Documentarian Bart Layton blurs the line between reality and fiction in his persuasive heist drama.
So as to comprehend why four young, middle-class, white guys from Kentucky would hazard severe jail time by sneaking some of the planet’s most precious books from their college library, manager Bart Layton shrewdly chooses to combine fiction and reality.
The actual guys look in interviews to every offer their version of events, their diverging testimonies working since the ever-shifting building blocks of their fictionalisation which Layton poses with a cast of brilliant actors. Both masterminds are Barry Keoghan as Spencer Reinhard, a young reporter concerned that his lifetime is too boring and safe to make him a fantastic artist, along with also the excellent Evan Peters playing poor boy Warren Lipka, constantly up for sending a’fuck you’ to the machine. Creating their delusions of grandeur obviously observable, this story device is much more than a gimmick: they’re literally the celebrities of their own picture.
Looking back into the classics of crime theatre, depiction isn’t always endorsement, but denying the allure of, say, Sterling Hayden’s hardboiled burglar in Stanley Kubrick’s The Killing will be disingenuous. Glamorously defying society has ever been an appealing attribute of theatre, and also the (literary )personalities of American Animals also have succumbed to the appeal of gangster films.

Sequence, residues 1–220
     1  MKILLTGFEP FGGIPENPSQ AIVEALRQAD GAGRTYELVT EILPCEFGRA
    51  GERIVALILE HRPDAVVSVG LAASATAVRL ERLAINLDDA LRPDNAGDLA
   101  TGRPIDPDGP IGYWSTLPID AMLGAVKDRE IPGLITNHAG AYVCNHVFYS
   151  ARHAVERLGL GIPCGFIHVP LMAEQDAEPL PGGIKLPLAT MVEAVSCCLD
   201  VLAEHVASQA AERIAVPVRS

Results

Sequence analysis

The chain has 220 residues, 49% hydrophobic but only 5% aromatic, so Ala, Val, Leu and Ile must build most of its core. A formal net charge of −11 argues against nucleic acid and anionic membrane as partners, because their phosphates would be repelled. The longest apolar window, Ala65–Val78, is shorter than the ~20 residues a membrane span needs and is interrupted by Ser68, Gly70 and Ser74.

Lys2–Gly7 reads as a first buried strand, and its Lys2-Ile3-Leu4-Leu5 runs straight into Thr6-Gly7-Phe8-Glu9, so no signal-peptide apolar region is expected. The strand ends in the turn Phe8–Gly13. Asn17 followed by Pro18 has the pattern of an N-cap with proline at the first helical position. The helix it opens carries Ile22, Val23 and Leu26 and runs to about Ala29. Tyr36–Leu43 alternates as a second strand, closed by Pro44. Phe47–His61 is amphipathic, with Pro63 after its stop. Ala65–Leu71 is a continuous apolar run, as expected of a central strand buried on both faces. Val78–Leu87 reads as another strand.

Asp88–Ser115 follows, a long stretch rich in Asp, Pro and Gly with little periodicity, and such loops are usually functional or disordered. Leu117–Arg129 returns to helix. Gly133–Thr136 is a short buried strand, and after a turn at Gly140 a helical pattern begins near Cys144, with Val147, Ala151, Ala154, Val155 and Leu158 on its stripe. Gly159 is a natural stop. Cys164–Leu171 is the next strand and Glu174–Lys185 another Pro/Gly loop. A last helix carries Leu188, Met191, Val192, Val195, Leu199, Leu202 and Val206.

What distinguishes them from you and I’m that they kept their suspension of disbelief after the ending credits — or never suspended it in the first place, rather taking Kubrick’s high-flying action at face value. Inspired by the personalities of Quentin Tarantino’s Reservoir Dogs, Reinhard and Lipka, together with added muscle in the shape of Eric Borsuk (Jared Abrahamson) and Chas Allen (Blake Jenner), proposed and implemented, in 2004, among the most daring and ridiculous heists in contemporary history.
The juxtaposition of fiction and documentary filmmaking in American Animals shows that the dangerous power of creativity. After Reinhard got it into his mind he could steal precious items that Danny Ocean wouldn’t hesitate to stealthily create it just took Lipka’s bravado to get the snowball rolling. Soon , their lives became absorbed by planning the perfect robbery. Layton goes much farther in his assault on self-fictionalisation. Erasing the line between fantasy and fact, he gets the real-life protagonists confront the plausibility of the subjective recollections with them enter his reenactments and speak to their own impersonators.
This barbarous confrontation is simultaneously exhilarating and spooky. Opening up new possibilities for’based on a true story’ narrative theater, it reminds us of our inevitable responsibility into the fact: the guys soon realise none of them understand exactly what occurred because each was overly preoccupied with his very own’reality’.
When a bystander is hurt from the group’s absurd and profoundly selfish actions, Layton contributes into the talking heads because the young guys wake to reality. Shaken from the daydreams, they’re finally out of wordssobbing and trying to prevent the camera’s inevitable gaze. In the ridiculous story of four self-centred and exhausted buddies, Layton has produced a highly effective hybrid movie which decries, together with interesting panache and urgency, the absolute nonsense of’other facts’.